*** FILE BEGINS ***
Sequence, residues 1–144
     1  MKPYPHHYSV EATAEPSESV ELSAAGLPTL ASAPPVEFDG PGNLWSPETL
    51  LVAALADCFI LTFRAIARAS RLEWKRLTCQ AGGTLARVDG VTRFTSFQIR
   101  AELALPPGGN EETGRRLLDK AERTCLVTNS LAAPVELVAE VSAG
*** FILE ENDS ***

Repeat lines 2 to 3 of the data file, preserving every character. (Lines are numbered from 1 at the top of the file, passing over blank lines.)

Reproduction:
     1  MKPYPHHYSV EATAEPSESV ELSAAGLPTL ASAPPVEFDG PGNLWSPETL
    51  LVAALADCFI LTFRAIARAS RLEWKRLTCQ AGGTLARVDG VTRFTSFQIR